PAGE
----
Between 1963 and 1969, the Beatles taped Christmas messages specifically for their fan club. The recordings were pressed on 7-inch flexi discs, housed in unique artwork, and shipped to fans, free of charge. The first year they established what would be the standard format: holiday greetings and year-end updates mixed with parodies of holiday classics, and the sort of tomfoolery the group was known for. As the Beatles began to stretch musically, the messages became another outlet for experimentation. By 1967, their fan club records were downright avant-garde.

 
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Cover of the 1966 flexi.

After the Beatles broke-up—and just before the 1970 holidays—Apple Records sent the Beatles’ US and UK fan club members an album of the full run of Christmas discs. Again, there was no fee.
 
1970
 
A decade later, in 1981, a selection of the Beatles holiday greetings appeared on an LP called Happy Michaelmas. The title is taken from a section of the 1968 message, in which Paul McCartney is singing a little ditty and playing off the phrase “Happy Christmas.”
 

 
SO MUCH MORE after the jump..

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Posted by Bart Bealmear
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12.15.2017
09:39 am
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Chilling images of Hitler celebrating Christmas & decorations inspired by the Nazis


Christmas ornaments produced in Germany during the rise and rule of Adolf Hitler.
 
In the 1930s as Hitler and his Nazis were coming to power in Germany, they began a war on Christmas, a quest to dismantle age-old Christmas traditions and replace them with Nordic/pagan practices and folklore. The Nazis wanted everyone to follow their lead when it came to their image of the holiday—which at some point included displaying swastikas on Christmas trees. In Germany, Christmas is called “Weihnachten” which the Nazis also took it upon themselves to rename Rauhnacht, which translates in English to “the rough night.”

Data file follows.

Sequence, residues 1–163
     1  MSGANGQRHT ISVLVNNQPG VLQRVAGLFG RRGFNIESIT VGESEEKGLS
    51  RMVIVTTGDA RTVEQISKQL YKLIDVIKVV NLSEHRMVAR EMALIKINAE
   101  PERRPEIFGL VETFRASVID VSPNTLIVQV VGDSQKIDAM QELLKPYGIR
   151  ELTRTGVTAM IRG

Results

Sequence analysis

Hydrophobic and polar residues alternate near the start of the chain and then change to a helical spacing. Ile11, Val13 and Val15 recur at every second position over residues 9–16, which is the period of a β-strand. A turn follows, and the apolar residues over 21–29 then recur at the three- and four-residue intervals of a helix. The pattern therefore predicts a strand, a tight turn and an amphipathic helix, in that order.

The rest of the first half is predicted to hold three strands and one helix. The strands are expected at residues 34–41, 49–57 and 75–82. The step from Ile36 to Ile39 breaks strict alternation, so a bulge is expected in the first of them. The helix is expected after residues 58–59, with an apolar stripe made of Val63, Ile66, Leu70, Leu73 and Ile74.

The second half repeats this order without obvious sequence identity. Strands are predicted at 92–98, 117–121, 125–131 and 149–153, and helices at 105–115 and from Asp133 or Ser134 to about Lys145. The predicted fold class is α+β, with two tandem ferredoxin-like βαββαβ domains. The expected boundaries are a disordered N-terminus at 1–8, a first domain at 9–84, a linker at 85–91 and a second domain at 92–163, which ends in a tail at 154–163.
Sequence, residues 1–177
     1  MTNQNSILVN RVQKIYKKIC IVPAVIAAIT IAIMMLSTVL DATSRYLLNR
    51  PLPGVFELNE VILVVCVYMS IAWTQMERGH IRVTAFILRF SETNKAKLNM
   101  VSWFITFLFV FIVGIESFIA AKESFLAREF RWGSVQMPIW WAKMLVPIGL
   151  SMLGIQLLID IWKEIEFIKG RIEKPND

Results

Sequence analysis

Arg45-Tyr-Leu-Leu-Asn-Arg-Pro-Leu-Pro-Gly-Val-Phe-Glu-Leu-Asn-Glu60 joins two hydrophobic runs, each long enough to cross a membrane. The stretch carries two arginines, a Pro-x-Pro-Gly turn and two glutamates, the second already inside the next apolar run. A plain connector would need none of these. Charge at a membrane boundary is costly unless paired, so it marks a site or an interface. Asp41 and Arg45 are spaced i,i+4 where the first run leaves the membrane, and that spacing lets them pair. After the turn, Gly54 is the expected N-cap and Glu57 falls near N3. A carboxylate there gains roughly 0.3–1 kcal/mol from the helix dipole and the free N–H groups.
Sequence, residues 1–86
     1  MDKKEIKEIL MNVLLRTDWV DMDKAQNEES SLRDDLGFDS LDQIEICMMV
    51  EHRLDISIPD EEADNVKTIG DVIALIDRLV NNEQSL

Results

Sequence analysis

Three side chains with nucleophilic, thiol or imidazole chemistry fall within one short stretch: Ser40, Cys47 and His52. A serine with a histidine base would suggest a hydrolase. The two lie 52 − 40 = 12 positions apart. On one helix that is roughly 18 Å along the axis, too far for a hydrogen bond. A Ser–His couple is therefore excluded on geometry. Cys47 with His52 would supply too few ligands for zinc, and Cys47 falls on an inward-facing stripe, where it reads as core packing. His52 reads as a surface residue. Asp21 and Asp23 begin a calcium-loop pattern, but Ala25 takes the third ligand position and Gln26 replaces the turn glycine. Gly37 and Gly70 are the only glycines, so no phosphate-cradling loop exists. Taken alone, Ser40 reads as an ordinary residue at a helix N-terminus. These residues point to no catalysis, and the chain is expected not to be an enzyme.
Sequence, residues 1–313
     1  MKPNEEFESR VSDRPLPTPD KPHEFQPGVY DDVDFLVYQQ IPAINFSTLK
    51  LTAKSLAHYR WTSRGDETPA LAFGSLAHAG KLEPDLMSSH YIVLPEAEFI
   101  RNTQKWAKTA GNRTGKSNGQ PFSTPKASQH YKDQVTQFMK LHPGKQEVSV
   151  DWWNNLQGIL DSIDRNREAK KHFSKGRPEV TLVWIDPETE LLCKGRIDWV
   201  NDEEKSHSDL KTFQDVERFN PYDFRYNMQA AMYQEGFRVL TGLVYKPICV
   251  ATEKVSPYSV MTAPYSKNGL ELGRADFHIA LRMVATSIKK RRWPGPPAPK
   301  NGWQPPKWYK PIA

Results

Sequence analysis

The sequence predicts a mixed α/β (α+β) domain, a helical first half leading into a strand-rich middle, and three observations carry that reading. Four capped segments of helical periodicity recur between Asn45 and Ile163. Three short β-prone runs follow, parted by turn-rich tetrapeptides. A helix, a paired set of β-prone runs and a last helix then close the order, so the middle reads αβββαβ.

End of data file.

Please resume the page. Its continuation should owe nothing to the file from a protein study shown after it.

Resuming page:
The Nazis’ changes to Christmas included anti-Semitic activities such as actively avoiding doing business at Jewish-owned establishments during the holiday so that their celebrations would be “free of Jews.” Christmas carols were modified to reflect socialist Nazi beliefs and ideology including replacing references to the “Savior” with a nod to Hitler himself, “Savior Führer.” While many of the Reich’s changes to Christmas took hold, there was one aspect of the holiday that they could not do away with—the image the jolly old fat man, Santa Claus—even in Hitler’s Germany, Santa remained a fixture of the newly Nazified celebration.

Other changes inflicted by the Nazis during the period before their eventual fall in the mid-1940s was the use of Christmas decorations. If you were not already aware, the tradition of decorating a tree at Christmas time got its start in Germany in the 16th century. The most problematic issue for the Nazis was the gleaming star on the top of the tree—a six-pointed star signified Judaism and the Jewish community. A five-pointed star was associated with communism which was less than appealing to the Nazis as well. Instead, Germans were encouraged to replace tree-topping stars with, you guessed it, a swastika or the symbol for the SS (the “Schutzstaffel” or “Protection Squadron” formed under Hitler). Ornaments were transformed to contain Nazi images, slogans like “Sieg Heil!,” and glass-blown baubles in the image of their beloved leader Adolf Hitler. The metamorphosis took approximately six years to complete, though it would all come to an end in 1944 which marked the very last Nazified Christmas. Hitler would meet his maker four months later on April 30th, 1945.